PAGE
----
Both of my children, blessed or cursed with vivid imaginations, struggled with movies in their preschool years. They’d fall into the movie, totally immersed in the story and its outcome. Any dubious outcome stressed them out, so I searched high and low to find low-suspense movies for them in those years.
With Little A. a newborn and Big A. traveling for work again, I really, really needed three-year-old S. to watch the occasional video. Don’t judge me. Dinner and a movie for her meant I could feed Little A. and eat my own dinner, too. Win-win-win.
So I tried her on all the lightweight Disney films I could think of—I mean, Cinderella has no bad guys, really. Right? It’s not the legendary source of endless children’s traumas, like Snow White or Bambi. Nope. She wouldn’t go for Cinderella. I tried movie after movie. Finally, she asked to see the Dumbo video we’d inherited from a friend. I had never seen the film, so I just gave thanks for my good fortune and popped in the cassette.
Well, if you have seen Dumbo, then I don’t need to say anymore. If you haven’t, well…it’s not my favorite movie of all time. So many aspects of that movie, while perhaps standard when it was made, are just…profoundly troubling to me. On top of ALL kinds of bullying, including “adults” bullying a child, this stunning children’s film includes an imprisoned mother, nefarious scheming, surreptitious drinking, hallucinations, racial stereotypes, and a disturbing look into the treatment of circus workers and animals in the past.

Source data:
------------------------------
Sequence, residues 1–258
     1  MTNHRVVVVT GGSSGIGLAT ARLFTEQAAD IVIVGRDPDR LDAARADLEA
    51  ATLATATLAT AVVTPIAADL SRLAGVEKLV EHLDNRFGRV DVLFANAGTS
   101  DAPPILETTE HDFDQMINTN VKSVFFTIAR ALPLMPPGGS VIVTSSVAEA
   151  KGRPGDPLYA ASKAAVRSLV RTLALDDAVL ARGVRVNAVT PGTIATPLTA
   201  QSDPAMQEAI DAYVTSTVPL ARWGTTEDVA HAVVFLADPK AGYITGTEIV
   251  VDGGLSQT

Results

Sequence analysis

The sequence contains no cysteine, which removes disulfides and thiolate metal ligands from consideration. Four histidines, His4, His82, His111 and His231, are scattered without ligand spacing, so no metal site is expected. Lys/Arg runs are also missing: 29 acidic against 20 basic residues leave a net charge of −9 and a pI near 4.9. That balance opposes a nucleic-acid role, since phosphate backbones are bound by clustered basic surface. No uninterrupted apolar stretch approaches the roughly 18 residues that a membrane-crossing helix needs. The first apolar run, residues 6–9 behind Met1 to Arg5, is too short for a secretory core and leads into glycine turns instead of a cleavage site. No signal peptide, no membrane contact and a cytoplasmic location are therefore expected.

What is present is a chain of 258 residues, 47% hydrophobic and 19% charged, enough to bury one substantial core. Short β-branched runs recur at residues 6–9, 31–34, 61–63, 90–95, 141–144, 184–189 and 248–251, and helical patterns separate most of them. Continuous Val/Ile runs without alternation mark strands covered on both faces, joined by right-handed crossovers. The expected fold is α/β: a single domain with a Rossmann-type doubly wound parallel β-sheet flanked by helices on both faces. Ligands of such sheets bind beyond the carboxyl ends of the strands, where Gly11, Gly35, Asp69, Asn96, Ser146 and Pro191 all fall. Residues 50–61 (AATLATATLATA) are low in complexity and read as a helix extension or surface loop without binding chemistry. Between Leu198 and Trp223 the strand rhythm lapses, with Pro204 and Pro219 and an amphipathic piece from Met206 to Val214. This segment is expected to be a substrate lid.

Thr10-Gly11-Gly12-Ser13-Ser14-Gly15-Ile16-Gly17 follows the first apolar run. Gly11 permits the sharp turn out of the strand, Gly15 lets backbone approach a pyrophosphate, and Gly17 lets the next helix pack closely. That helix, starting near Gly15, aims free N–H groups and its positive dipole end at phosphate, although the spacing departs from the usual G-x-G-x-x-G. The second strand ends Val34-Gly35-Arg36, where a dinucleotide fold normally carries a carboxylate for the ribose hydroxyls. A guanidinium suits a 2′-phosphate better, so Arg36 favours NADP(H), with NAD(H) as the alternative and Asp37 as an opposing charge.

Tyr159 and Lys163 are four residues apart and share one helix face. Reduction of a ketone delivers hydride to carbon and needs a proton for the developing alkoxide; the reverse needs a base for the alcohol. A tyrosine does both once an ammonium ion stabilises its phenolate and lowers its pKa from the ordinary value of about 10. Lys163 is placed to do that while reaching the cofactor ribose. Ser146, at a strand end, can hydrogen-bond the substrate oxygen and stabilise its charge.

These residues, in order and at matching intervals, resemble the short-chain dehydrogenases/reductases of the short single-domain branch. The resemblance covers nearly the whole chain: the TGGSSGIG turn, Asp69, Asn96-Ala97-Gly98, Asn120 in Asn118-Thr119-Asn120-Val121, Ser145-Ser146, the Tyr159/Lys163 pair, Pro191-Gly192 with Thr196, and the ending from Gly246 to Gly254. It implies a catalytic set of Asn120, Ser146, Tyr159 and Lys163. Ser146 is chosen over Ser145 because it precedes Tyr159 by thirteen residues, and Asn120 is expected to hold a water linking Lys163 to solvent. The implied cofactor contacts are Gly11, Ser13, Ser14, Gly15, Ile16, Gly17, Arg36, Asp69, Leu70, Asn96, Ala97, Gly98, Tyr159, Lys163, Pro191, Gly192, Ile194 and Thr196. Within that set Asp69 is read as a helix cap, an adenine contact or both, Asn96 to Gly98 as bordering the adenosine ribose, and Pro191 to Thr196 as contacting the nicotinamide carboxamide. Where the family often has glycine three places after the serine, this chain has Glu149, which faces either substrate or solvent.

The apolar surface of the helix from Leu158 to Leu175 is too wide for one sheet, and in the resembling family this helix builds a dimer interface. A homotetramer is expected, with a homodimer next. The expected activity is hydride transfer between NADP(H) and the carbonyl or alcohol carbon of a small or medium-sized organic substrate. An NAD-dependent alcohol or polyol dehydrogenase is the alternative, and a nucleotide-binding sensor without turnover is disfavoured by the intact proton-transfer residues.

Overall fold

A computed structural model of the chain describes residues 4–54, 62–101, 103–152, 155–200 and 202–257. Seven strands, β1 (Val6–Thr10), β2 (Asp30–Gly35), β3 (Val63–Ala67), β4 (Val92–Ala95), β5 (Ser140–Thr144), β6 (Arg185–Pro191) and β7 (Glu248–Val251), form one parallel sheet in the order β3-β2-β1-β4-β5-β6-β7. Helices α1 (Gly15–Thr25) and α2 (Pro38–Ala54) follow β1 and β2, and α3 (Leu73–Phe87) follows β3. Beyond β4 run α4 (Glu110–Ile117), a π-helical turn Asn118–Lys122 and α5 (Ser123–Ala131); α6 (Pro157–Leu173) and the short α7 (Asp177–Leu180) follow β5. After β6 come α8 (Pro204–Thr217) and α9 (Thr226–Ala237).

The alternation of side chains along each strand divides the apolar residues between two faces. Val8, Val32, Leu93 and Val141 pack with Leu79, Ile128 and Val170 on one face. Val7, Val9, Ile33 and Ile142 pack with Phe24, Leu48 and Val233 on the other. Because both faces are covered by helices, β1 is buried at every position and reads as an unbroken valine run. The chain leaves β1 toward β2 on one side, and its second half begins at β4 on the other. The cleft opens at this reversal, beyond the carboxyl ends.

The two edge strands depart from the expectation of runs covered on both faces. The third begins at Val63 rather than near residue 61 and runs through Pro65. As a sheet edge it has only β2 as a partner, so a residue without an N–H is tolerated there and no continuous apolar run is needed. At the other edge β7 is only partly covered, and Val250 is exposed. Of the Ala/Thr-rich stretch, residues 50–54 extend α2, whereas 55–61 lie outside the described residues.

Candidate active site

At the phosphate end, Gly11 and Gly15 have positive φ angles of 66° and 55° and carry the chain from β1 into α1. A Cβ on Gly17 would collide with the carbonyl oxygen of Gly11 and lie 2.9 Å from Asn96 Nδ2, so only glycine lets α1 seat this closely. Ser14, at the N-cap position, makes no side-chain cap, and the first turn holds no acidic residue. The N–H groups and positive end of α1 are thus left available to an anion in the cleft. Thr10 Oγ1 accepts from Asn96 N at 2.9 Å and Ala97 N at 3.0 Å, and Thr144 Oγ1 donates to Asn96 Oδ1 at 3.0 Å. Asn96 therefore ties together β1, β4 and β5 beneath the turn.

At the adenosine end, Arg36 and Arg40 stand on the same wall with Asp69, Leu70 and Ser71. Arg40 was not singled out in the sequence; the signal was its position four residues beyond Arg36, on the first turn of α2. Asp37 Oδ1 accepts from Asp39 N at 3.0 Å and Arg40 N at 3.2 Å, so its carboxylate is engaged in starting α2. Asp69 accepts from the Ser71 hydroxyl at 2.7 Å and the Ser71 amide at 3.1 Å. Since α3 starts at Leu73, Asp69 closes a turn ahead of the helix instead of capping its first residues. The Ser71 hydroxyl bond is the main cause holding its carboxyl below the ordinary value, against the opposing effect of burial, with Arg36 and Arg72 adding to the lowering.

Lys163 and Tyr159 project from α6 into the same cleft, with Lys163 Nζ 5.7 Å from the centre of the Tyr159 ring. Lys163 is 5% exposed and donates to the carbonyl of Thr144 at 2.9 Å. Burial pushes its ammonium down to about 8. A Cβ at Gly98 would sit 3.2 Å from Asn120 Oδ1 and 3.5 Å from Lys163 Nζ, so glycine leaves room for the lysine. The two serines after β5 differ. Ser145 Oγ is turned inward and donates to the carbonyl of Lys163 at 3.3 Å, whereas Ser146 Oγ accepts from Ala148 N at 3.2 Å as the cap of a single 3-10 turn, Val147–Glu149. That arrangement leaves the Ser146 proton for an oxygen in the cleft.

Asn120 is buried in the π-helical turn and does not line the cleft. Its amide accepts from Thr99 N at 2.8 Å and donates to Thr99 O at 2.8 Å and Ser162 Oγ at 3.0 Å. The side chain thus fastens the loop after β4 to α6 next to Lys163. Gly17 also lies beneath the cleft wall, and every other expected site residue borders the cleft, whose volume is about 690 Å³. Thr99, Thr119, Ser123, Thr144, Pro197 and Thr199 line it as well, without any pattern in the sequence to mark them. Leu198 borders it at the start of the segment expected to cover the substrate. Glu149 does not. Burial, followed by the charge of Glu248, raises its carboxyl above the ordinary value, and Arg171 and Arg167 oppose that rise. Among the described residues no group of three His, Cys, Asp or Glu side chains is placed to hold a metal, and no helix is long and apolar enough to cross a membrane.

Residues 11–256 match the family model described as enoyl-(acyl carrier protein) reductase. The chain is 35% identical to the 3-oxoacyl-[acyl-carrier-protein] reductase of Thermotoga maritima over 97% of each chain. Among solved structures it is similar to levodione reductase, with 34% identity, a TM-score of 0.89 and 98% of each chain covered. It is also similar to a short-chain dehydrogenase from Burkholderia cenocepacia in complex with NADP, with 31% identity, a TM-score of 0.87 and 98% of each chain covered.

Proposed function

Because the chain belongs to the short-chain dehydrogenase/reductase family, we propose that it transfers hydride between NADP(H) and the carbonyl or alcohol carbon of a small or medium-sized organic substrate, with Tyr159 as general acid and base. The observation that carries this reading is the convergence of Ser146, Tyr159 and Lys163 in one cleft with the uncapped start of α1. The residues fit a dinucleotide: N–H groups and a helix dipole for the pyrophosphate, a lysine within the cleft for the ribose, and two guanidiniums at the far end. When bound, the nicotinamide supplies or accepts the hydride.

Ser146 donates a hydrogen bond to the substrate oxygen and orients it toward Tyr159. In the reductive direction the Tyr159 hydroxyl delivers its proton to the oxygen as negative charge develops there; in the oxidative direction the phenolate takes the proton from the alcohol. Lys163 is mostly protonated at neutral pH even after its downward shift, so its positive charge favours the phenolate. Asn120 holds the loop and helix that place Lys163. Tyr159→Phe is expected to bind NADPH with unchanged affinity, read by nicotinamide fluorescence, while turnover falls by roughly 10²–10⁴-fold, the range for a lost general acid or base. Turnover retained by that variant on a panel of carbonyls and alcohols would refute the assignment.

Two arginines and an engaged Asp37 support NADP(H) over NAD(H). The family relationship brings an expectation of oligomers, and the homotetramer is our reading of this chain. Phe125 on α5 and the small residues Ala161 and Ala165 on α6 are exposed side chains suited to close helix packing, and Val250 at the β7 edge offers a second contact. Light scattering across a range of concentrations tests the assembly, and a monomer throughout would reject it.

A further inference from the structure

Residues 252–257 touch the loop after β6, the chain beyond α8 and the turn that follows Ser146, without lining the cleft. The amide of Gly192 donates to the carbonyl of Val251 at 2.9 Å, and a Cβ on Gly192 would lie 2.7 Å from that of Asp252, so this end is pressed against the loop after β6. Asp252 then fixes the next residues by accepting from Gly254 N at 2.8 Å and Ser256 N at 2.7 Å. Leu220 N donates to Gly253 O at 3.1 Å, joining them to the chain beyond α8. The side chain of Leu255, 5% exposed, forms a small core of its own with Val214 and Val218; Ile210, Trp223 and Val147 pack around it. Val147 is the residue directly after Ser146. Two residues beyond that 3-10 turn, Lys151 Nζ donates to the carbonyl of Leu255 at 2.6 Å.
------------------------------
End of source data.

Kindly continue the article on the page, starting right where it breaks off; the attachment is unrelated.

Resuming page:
And my determined three-year-old daughter picked THIS movie to love over all others. She asked for THIS movie every time Big A. traveled for work…which was about once a week that year. And so I watched it far more times than I ever wanted. And she watched it far more times that I wanted her to, which worried me. What would she make of all that…stuff?
And yet, nearly nine years later, it occurs to me that maybe I owe Dumbo after all.
My daughter’s confidence leaves me in awe. Her amazing personal integrity gives her a rare natural acceptance of others. She’s literally so comfortable with herself (in most ways; no one’s perfect) that she just appreciates other people as they come. Okay, I hope some of that comes from her parents’ unending and unconditional love. I know her first school overtly encouraged students to love and appreciate each other in all their differences. And I give credit to her current school, where peer pressure reinforces individuality.
But, you know, Dumbo gets seriously dumped on from the moment of his birth. Yet the movie makes it clear that he, his mother, and Timothy have the right idea—Dumbo’s awesome. He rocks, no matter what anyone else says or does.
Best of all, Dumbo doesn’t have to prove anything to anyone but himself to succeed. Without even speaking a word, he finds his “wings” and soars. His unique abilities have value; he learns that without devaluing anyone else.
Maybe that’s not such a bad message to be exposed to over and over in your formative years.